“Yeah, but you know–I’ve never had like, an actual conversation with him about–“

“About his plays?” I asked.

“Yeah. About his work.”

“He doesn’t really talk about his work.”

And I was right. Dad moved in over two months ago and we’d only seen him at breakfast and dinner. He rarely ate lunch as far as we could tell, and his herky-jerky old-age walk wasn’t conducive to him climbing the stairs more than he had to.

Freewrite 11/2/20

The TV flickered at the back of the room. The vaulted ceiling overhead was supported by metal struts and in the dim light the TV cast altering shadows about. The sound wasn’t on.
“You shouldn’t have come,” said Cogar.
The man’s face was broad, his upper lip dressed with a mustache, and his bald head shone in the glare from the screen.
Behind Rosie, the big person shifted on their feet and Rosie couldn’t help but be aware of how Busher held that hammer, as though to bring it down on someone’s head without a second thought.
“We had to. You know I wouldn’t have come here if I had another choice,” said Carlos.
Rosie noticed he was standing ridged. There was none of that easy swagger about him, none of that assuredness he’d had when he pointed his strange gun at the monster on the train.
“So, they’ve driven you out of hiding? How?” asked Carlos.
Rosie looked to Carlos who had eyes only for the broad, stout figure before them.
When he spoke again with was slow, as though he weighed every word. The girl was a veil.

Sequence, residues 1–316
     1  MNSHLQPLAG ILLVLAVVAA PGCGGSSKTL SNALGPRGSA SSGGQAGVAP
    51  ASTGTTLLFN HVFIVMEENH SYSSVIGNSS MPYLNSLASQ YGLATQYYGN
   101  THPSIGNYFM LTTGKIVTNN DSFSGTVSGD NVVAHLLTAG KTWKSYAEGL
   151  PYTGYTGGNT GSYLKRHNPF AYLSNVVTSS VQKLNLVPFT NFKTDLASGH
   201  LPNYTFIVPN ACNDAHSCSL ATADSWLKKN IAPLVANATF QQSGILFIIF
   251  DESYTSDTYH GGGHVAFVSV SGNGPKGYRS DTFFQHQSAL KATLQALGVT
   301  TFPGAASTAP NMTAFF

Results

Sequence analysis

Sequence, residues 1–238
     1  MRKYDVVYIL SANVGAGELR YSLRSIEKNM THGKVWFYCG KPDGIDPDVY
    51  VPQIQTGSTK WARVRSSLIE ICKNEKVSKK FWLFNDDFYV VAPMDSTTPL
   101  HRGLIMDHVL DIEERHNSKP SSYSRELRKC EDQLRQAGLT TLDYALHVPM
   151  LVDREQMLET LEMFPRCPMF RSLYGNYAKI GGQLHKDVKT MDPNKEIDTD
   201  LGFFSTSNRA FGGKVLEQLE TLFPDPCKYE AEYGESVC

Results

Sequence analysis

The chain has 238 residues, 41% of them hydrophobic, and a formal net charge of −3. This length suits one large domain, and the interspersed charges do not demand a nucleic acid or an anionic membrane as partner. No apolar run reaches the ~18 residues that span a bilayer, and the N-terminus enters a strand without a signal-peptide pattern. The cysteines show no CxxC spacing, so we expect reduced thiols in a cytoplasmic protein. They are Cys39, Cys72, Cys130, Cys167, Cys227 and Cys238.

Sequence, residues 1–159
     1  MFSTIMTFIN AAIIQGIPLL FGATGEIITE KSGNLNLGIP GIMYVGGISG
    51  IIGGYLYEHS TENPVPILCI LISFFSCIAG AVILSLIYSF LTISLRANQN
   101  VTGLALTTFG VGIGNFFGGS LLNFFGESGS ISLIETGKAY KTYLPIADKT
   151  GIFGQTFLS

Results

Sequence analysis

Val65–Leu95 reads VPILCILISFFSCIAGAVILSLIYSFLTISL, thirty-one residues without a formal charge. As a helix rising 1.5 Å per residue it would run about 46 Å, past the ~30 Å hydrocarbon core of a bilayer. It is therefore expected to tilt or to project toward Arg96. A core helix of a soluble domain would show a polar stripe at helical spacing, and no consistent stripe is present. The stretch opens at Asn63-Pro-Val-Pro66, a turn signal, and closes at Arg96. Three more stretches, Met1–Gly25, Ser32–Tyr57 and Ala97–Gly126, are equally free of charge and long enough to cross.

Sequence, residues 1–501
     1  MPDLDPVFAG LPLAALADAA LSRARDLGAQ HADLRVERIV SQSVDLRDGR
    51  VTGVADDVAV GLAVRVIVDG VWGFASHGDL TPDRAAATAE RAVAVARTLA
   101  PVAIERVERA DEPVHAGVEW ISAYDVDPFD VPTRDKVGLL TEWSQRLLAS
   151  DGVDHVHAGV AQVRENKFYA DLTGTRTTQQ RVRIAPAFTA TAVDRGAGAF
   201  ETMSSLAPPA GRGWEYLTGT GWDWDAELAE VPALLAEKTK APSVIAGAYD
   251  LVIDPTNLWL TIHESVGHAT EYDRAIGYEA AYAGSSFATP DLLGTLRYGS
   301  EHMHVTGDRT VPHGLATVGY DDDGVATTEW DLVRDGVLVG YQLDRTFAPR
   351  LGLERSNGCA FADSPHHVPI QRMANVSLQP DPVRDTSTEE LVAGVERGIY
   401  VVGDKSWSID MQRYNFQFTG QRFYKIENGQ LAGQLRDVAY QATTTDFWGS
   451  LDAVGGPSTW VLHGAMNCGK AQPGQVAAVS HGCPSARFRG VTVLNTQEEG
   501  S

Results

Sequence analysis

“That what?” asked Rosie.
Carlos looked at her. That strange shadow that hung over his eyes twisted about his head, making him hard to read. “You were my veil,” Carlos said. “But they still found me. . . somehow. Some one close to you must be a vessel.”
“What are you talking about.”
A bark echoed through the warehouse suddenly.


BRAINSTORM

The sun beat down on the warehouse roof. The talk came from within.

Inside, Cogar is bashed and bruised. Rosie is raging.

Carlos is nowhere to be seen and Busher tries to hold Rosie back.

Rosie demands to know where her brother is.

Cogar doesn’t know.

Behind him the TV is flickering again, and there is an ariel view of police vehicles parked at a departent store mall in downtown Pittsburgh.

A ticker across the screen reads: BOY TAKES HOSTAGES WITHIN BLOOINGDALES.

Cogar’s eyes slowly turn toward the TV.

He explains how there is almost certainly nothing Rosie can do to save her brother.

She doesn’t care. But she does chill out. Carlos flows out of her as and re-establishes himself next to her. He looks shaken.

Rosie demands to be taken to the mall in order to find her brother.

How do they get INSIDE the mall without the police noticing?

Options:
Cogar has a magic door.
Carlos uses a magic coin.
Rosie absorbs the power of something and arrives there.
They drive the bus directly into the entrance of the department store, crashing through the police baricade and into the doors of the building. . . . I actually like this one, thematically.

Rosie pulls Carlos back toward the van they’d stolen. She’s been to this mall before and knows the way, as long as she’s on the free way.

They drive to the mall and crash through the police barrier, the whole time the snipers take shots at them. Rosie is identified as the girl who shot a man on a bus the night before.